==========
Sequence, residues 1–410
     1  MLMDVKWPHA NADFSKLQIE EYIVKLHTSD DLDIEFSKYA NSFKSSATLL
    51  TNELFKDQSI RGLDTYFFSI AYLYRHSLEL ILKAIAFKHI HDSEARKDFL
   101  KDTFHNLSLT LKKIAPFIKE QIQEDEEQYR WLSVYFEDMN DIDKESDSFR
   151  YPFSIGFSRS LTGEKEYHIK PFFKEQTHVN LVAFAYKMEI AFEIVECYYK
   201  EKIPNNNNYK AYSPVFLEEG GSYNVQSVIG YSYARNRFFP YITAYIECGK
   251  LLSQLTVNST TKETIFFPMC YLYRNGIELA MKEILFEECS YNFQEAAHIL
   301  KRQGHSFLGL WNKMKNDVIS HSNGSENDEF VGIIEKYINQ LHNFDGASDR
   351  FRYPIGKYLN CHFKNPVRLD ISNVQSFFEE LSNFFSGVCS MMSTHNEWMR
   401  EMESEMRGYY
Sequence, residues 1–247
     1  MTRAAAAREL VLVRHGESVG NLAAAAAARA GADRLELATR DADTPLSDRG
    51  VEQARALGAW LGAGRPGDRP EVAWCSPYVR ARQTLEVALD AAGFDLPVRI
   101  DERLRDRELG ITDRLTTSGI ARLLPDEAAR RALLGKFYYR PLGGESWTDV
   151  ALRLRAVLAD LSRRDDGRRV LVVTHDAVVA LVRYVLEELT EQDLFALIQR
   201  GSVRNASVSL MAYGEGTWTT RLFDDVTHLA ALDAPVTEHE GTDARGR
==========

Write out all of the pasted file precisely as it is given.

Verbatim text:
Sequence, residues 1–410
     1  MLMDVKWPHA NADFSKLQIE EYIVKLHTSD DLDIEFSKYA NSFKSSATLL
    51  TNELFKDQSI RGLDTYFFSI AYLYRHSLEL ILKAIAFKHI HDSEARKDFL
   101  KDTFHNLSLT LKKIAPFIKE QIQEDEEQYR WLSVYFEDMN DIDKESDSFR
   151  YPFSIGFSRS LTGEKEYHIK PFFKEQTHVN LVAFAYKMEI AFEIVECYYK
   201  EKIPNNNNYK AYSPVFLEEG GSYNVQSVIG YSYARNRFFP YITAYIECGK
   251  LLSQLTVNST TKETIFFPMC YLYRNGIELA MKEILFEECS YNFQEAAHIL
   301  KRQGHSFLGL WNKMKNDVIS HSNGSENDEF VGIIEKYINQ LHNFDGASDR
   351  FRYPIGKYLN CHFKNPVRLD ISNVQSFFEE LSNFFSGVCS MMSTHNEWMR
   401  EMESEMRGYY
Sequence, residues 1–247
     1  MTRAAAAREL VLVRHGESVG NLAAAAAARA GADRLELATR DADTPLSDRG
    51  VEQARALGAW LGAGRPGDRP EVAWCSPYVR ARQTLEVALD AAGFDLPVRI
   101  DERLRDRELG ITDRLTTSGI ARLLPDEAAR RALLGKFYYR PLGGESWTDV
   151  ALRLRAVLAD LSRRDDGRRV LVVTHDAVVA LVRYVLEELT EQDLFALIQR
   201  GSVRNASVSL MAYGEGTWTT RLFDDVTHLA ALDAPVTEHE GTDARGR